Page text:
"Your business, sir?" the butler inquired.

"Inform Lord Gerard that Mr. Morgan is here to see him."

Grant saw the instant of recognition on the butler's face, and a faint wariness threaded through the man's tone. "Sir, I regret to inform you that Lord Gerard is not at home. If you will leave your calling card, I will see that he receives it later."

Grant smiled wryly. "Not at home" was a phrase used by butlers to convey that a particular lord or lady might very well be in the house, but was unwilling to receive visitors. But if Grant wanted to question someone, social niceties were the last things to stand in his way.

"I don't leave cards," he said flatly. "Go tell your master that Mr. Morgan is here. This is not a social call."

The butler's face remained impassive, but he reeked of disapproval. Without offering a response, he left Grant at the doorstep and disappeared into the house. Grant shouldered his way inside and closed the heavy door with a hard nudge of his boot. Rocking back on his heels, he surveyed the entrance hall. It was lined with gleaming marble columns, the walls painted a soft matte shade of a fashionable color called "Parisian gray." Cool white plasterwork covered the upper portion of the walls, rising to a lofty ceiling. Directly opposite the front door was an apse containing a small statue of a winged female figure.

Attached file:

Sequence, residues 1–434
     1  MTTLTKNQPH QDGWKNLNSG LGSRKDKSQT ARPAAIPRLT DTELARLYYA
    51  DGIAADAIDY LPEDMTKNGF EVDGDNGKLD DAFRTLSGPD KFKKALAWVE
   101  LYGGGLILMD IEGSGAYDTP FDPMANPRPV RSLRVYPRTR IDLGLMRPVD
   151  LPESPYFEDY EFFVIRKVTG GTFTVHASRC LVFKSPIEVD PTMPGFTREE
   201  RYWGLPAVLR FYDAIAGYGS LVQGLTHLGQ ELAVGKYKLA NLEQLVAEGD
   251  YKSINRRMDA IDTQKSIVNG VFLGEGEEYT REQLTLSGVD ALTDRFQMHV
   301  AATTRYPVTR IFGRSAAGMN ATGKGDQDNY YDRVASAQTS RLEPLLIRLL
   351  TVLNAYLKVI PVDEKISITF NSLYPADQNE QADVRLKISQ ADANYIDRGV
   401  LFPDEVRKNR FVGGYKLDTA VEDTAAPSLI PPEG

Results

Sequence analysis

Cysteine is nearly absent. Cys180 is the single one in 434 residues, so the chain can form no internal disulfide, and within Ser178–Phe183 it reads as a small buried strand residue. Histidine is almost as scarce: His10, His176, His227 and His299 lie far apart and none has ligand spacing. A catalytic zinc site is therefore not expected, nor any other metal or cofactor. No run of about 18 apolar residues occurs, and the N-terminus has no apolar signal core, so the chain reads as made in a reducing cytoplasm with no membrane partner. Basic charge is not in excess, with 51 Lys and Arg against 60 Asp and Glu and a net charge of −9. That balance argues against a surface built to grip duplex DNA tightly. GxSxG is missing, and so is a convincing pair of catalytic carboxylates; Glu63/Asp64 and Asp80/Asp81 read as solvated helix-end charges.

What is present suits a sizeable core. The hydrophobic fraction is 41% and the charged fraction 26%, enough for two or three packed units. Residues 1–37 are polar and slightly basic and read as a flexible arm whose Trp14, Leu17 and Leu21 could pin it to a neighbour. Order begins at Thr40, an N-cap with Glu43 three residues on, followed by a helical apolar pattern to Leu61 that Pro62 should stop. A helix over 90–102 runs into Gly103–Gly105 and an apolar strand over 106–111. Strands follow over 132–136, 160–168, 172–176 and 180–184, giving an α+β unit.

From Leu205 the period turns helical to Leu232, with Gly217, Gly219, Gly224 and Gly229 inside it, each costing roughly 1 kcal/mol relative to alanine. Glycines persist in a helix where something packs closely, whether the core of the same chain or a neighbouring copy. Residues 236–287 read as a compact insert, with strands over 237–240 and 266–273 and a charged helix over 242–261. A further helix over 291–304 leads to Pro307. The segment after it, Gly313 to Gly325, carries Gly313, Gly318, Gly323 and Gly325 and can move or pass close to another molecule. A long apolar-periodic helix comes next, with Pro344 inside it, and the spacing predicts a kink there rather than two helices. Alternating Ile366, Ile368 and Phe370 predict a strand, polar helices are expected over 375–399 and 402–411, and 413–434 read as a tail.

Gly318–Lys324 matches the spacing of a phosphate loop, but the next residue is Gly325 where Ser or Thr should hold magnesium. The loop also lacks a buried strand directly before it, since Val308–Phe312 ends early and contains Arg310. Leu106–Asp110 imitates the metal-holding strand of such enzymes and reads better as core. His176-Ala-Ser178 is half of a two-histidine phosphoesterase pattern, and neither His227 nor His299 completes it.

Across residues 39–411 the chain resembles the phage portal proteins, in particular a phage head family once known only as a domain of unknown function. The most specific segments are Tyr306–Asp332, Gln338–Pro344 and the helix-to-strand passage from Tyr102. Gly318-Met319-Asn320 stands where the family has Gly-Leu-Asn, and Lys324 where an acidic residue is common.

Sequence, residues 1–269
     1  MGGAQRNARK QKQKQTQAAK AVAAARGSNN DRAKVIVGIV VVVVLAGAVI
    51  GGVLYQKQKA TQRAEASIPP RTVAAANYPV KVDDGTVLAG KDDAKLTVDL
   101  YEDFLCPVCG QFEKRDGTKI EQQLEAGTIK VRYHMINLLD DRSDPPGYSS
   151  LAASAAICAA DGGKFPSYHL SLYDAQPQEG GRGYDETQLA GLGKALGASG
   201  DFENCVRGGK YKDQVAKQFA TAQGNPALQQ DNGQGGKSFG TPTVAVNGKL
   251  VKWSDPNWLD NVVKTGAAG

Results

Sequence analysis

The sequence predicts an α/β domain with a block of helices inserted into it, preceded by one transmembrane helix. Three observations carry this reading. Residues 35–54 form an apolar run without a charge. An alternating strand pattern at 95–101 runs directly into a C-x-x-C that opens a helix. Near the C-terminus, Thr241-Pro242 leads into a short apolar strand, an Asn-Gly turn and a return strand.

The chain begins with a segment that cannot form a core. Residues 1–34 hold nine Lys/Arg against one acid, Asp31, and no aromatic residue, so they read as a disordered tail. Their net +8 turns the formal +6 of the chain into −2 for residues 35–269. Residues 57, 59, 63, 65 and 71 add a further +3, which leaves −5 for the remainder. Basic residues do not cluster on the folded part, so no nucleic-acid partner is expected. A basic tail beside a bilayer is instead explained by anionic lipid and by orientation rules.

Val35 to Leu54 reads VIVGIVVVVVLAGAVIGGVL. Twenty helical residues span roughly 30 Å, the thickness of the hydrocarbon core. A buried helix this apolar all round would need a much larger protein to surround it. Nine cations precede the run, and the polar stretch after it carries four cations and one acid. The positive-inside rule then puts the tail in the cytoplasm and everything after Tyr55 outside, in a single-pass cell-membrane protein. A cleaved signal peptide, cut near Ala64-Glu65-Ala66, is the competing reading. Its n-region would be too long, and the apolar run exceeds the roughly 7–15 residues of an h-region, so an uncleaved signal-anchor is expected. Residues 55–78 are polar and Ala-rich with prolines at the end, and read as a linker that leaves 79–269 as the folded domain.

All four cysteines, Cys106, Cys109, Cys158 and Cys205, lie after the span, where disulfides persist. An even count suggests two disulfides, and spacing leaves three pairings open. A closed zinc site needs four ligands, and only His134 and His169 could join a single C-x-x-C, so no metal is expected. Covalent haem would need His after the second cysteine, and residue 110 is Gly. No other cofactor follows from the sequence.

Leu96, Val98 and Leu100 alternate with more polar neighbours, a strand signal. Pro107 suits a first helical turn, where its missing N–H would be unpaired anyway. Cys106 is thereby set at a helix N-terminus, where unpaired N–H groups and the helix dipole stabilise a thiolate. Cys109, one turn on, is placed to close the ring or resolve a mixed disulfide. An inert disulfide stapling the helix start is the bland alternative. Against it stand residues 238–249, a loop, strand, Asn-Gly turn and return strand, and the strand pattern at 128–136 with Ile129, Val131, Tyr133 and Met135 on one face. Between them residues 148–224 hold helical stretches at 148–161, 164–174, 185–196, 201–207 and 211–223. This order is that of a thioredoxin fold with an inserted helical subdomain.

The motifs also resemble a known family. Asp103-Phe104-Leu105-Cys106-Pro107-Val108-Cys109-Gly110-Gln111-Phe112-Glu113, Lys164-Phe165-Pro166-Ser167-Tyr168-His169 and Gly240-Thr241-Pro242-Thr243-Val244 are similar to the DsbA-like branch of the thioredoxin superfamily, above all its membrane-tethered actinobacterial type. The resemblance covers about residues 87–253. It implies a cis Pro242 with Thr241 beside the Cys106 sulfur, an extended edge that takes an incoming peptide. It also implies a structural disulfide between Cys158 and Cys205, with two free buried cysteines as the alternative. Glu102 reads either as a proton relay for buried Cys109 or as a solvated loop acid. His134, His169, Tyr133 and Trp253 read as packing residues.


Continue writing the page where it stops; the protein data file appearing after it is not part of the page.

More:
Approaching the statue, Grant touched one of the delicate feathery wings, admiring the elegant work.

The butler reappeared at that moment, frowning in bristling hauteur. "Sir, that is part of Lord Gerard's prized collection of Roman statuary."

Grant drew back and replied matter-of-factly, "Grecian, actually. The original sits in the hand of Athena in the Parthenon."

"Well..." The butler was clearly nonplussed. "It's not to be touched. If you would care to follow me, Lord Gerard is at home now."

Grant was shown into a large drawing room with walls covered in creamy white woodwork and octagonal panels of red damask. The ceiling was remarkable, inset with red and gold panels that spread outward from a central golden sun. Between a pair of diamond-paned windows, a series of medallion portraits displayed the fleshy, dignified faces of the past five Earls of Norbury.